The Spirit has really been moving at Calvary Chapel of Hope. He’s blessed our ministry events and has been impacting hearts and lives at our services. Expect more. One of the greatest truths about God is that He does “exceedingly abundantly above all that we ask or think, according to the power that works in us” (Eph. 3:19). God’s grace is always “much more.” His justification from sin is “much more” than we could ever have expected (Rom. 5:9). The salvation life we live is “much more” than we could have ever dreamed of (Rom. 5:10). God’s grace is always “much more” (Rom. 5:15); it just keeps coming. We reign in life by His grace “much more” than we could have ever hoped (Rom. 5:17). And where sin abounds, God’s grace abounds “much more” (Rom. 5:20). God’s grace is overwhelming. God’s grace comes like waves on a shore of the beach. Expect more, “much more.”
That’s the message D. Martyn Lloyd Jones conveyed in a teaching on Jesus’ encounter with a Samaritan woman at Jacob’s well in John 4. He says:
Possibly one of the most devastating things that can happen to us as Christians is that we cease to expect anything to happen. I am not sure but that this is not one of our greatest troubles today. We come to our services and they are orderly, they are nice--we come, we go--and sometimes they are timed almost to the minute, and there it is. But that is not Christianity, my friend. Where is the Lord of glory? Where is the one sitting by the well? Are we expecting him? Do we anticipate this? Are we open to it? Are we aware that we are ever facing this glorious possibility of having the greatest surprise of our life?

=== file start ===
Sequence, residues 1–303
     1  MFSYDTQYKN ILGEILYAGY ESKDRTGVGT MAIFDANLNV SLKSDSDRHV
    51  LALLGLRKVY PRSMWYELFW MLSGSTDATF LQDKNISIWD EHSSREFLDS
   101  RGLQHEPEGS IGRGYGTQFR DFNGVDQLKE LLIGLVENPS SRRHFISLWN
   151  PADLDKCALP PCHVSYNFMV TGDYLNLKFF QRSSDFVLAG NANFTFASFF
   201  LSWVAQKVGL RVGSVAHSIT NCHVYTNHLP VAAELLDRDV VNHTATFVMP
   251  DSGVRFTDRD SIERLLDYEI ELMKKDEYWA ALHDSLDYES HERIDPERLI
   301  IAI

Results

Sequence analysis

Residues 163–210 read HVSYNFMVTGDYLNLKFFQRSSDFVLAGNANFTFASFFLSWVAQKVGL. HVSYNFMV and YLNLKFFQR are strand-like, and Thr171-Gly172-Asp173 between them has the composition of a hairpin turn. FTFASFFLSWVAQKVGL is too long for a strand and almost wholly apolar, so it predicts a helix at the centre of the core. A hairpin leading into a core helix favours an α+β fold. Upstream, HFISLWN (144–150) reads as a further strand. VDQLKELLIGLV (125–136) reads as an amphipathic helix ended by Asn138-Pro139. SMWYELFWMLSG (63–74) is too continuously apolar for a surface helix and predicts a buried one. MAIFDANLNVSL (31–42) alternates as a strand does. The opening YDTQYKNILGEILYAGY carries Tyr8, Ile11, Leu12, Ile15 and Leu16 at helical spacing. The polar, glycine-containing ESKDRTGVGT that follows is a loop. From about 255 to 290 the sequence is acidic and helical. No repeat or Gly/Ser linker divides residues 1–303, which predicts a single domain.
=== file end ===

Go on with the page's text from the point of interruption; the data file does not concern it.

Or let me put it like this. You may feel and say--as many do--'I was converted and became a Christian. I've grown--yes, I've grown in knowledge, I've been reading books, I've been listening to sermons, but I've arrived now at a sort of peak and all I do is maintain that. For the rest of my life I will just go on like this.'
Now, my friend, you must get rid of that attitude; you must get rid of it once and for ever. That is 'religion', it is not Christianity. This is Christianity: the Lord appears! Suddenly, in the midst of the drudgery and the routine and the sameness and the dullness and the drabness, unexpectedly, surprisingly, he meets with you and he says something to you that changes the whole of your life and your outlook and lifts you to a level that you had never conceived could be possible for you. Oh, if we get nothing else from this story, I hope we will get this. Do not let the devil persuade you that you have got all you are going to get, still less that you received all you were ever going to receive when you were converted. That has been a popular teaching, even among evangelicals. You get everything at your conversion, it is said, including baptism with the Spirit, and nothing further, ever. Oh, do not believe it; it is not true. It is not true to the teaching of the Scriptures, it is not true in the experience of the saints running down the centuries. There is always this glorious possibility of meeting with him in a new and a dynamic way. 
God has blessed, is blessing and will bless. Don’t let a mountaintop experience lead to a valley of drought. God’s work in and through us is ongoing and upward moving. Drink from the “river whose streams shall make glad the city of God” (Ps. 46:4). You are who you are by God’s grace. Press on in God’s grace (1 Cor. 15:10). Expect more, “much more.”
 Martyn Lloyd-Jones, Living Water: Studies in John 4